Wayback Whensday – Far Away & Long Ago

Chester Gould pre-Dick Tracy; Archie Goodwin and Al Williamson and Star Wars; the wonderful art of Bud Blake; Drowsy Dick awakes years before Little Nemo.

[Chester Gould’s] first newspaper job was at the Tulsa Democrat, the forerunner of the Tribune, within weeks of his 1919 high school graduation.

That job entailed drawing cartoons in a campaign against a proposed $5 million bond issue to develop Spavinaw Lake as Tulsa’s water source. The Democrat’s owner-publisher, Charles Page, was promoting Shell Creek near Sand Springs to be the city’s water source.

above: Chester Gould editorial cartoon from the June 15, 1919 front page of The Tulsa Tribune

Gould’s cartoons ran on the Democrat’s front page daily for six weeks but failed to sway voters, who approved the Spavinaw option, which was backed by the Tulsa World.

Gould spent two years at A & M before going to Chicago, where he worked at various times for each of the city’s five newspapers while attending Northwestern University and an art institute.

For 10 years, he sent comic strips and cartoons to Joseph Patterson, the publisher of the New York News, and for 10 years received rejection slips.

The Tulsa World goes way back in its archives to December 2006 to re-present an article about the successful Sooner cartoonist from Chester Gould‘s early years to Dick Tracy‘s early years.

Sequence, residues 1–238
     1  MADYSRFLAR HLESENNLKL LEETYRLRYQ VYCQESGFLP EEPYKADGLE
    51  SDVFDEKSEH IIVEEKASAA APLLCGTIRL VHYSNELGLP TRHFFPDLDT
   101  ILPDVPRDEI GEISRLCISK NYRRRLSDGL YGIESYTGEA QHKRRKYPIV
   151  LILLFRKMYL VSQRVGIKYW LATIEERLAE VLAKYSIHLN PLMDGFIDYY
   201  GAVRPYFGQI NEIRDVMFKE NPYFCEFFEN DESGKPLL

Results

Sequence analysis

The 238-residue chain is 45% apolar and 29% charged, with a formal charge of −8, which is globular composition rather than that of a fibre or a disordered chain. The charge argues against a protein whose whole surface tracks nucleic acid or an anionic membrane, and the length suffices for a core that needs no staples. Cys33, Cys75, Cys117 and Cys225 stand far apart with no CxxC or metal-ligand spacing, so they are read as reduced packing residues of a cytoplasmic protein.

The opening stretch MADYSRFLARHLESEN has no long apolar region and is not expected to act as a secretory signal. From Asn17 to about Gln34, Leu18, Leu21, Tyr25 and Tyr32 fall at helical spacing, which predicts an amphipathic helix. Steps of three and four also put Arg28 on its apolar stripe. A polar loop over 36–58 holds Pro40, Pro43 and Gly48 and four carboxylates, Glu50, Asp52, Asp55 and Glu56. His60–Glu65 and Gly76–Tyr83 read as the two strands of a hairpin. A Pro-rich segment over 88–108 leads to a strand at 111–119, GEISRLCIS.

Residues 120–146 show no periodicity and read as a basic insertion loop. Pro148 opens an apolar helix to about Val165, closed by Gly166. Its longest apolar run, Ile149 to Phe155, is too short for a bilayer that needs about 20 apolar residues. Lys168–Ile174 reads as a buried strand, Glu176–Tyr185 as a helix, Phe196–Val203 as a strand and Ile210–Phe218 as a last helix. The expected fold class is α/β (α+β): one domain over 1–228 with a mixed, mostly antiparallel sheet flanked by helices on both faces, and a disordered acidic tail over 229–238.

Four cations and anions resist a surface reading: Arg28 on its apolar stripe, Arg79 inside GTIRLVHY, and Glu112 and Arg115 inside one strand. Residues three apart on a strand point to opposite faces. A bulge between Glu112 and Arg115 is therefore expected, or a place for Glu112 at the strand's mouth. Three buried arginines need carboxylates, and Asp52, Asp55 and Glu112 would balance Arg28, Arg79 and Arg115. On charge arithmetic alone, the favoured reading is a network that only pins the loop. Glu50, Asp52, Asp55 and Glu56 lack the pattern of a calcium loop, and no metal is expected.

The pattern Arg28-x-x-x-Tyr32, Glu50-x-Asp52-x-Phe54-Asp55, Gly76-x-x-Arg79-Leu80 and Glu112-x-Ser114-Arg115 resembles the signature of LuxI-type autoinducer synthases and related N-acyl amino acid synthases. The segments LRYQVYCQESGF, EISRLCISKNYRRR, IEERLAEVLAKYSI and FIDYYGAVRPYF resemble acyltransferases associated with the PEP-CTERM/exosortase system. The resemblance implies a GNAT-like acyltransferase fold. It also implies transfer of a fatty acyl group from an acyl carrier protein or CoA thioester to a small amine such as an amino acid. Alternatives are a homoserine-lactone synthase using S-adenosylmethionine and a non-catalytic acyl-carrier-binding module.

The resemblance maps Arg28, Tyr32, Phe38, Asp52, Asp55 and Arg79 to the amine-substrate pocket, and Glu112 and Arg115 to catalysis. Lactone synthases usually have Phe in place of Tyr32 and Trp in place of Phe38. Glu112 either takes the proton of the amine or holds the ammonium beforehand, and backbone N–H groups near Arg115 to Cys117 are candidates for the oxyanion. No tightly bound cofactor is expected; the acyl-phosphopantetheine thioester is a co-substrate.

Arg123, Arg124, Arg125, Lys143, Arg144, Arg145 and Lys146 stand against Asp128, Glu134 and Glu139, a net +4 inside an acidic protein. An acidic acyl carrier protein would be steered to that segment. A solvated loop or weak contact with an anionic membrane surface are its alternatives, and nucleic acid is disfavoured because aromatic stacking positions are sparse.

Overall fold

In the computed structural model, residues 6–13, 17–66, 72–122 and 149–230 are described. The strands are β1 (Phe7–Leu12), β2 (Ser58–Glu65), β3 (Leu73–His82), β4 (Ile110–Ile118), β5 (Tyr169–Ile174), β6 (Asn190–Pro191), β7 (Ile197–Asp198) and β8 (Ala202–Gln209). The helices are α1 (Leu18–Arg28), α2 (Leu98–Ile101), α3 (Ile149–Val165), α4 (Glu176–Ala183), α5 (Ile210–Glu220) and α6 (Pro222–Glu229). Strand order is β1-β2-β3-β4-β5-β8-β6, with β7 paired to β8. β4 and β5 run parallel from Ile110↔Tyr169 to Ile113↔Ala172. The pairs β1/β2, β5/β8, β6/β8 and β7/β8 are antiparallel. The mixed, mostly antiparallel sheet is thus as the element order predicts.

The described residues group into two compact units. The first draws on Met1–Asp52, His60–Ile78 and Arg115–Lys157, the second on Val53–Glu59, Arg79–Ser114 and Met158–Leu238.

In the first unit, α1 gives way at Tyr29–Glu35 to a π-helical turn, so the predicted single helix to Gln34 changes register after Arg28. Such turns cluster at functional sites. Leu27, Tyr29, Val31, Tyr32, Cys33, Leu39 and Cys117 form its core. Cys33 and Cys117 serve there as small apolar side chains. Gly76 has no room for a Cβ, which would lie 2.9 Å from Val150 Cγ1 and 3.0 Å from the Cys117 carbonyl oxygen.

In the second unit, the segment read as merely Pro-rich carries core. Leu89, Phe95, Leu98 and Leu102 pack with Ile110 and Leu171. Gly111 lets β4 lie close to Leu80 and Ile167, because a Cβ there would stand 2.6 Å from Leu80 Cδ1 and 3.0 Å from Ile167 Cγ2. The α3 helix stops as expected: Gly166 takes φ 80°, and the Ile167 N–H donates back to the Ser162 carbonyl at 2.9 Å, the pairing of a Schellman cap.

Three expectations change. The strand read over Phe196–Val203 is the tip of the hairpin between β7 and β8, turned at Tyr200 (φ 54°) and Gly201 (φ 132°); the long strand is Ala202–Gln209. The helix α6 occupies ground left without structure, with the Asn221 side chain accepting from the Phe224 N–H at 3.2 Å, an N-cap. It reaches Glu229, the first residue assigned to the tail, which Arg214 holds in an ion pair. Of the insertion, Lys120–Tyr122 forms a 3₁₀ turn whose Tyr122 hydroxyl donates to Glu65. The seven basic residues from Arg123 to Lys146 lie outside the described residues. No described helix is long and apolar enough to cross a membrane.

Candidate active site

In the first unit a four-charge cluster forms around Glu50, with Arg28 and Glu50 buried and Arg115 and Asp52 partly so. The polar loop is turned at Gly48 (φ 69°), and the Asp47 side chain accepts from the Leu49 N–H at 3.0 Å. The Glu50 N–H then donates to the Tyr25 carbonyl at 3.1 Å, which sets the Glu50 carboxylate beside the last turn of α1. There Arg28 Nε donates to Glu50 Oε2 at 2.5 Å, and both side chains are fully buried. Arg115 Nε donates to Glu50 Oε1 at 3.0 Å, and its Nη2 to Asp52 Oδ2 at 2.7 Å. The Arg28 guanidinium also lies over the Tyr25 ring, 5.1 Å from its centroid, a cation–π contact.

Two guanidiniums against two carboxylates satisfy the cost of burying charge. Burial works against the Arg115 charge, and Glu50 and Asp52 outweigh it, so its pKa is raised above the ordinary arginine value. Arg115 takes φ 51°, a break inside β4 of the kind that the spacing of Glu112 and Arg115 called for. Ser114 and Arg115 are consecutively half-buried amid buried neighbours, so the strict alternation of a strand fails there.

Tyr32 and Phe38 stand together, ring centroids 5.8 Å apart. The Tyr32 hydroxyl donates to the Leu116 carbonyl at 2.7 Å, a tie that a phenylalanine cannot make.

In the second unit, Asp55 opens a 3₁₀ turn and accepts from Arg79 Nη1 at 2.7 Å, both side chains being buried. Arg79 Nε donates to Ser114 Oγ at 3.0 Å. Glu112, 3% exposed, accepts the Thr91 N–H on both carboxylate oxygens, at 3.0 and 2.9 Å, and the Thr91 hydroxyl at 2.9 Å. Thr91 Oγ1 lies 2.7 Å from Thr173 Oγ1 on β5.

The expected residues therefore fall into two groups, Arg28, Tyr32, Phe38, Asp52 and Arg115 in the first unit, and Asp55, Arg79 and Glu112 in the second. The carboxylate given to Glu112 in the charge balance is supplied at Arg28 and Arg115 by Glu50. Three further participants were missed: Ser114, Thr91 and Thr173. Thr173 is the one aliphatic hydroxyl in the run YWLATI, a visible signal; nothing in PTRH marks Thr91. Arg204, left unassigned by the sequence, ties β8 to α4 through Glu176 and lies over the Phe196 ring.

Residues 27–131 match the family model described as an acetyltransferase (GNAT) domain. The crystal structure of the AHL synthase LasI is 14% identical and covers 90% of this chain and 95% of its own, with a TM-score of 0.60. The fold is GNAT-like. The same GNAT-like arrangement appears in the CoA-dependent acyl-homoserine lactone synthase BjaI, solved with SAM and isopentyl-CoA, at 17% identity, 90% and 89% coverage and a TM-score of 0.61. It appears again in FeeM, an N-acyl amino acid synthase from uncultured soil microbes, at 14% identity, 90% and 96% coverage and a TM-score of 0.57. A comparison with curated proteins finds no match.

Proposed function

A long time ago (1982) in a land across the waters Marvel U.K. editor Paul Neary interviewed Archie Goodwin and Al Williamson about their Star Wars comic strip and their adaptation of The Empire Strikes Back for comic books.

Then a few years ago Pete Doree posted the three pages on Twitter. hat tip to Mark Newbold for the notification


Regular and irregular readers of my Ink-Slingers blog will know that Bud Blake is one of my favorite cartoonists.  To recap: I grew up reading Tiger in the Home News newspaper in central New Jersey.  The strip resonated with me, more for the gags than the drawing when I was a young ‘un.  But as I’ve studied the strip over the past few decades, I’ve come to see Bud as a visual magician, making the difficult look easy and effortless.

It’s always a pleasure to read Rob Stolzer admiring Bud Blake. His most recent appreciation is no exception.


Charles Reese’s Drowsy Dick awoke from his dreams three years before Winsor McCay’s Little Nemo.

Image from Wikipedia Commons which in turn got it from Origins of the Sunday Comics.

4 thoughts on “Wayback Whensday – Far Away & Long Ago

  1. Dick Locher is still drawing Dick Tracy just for the Tulsa newspaper?

    Paul, thanks for the link.

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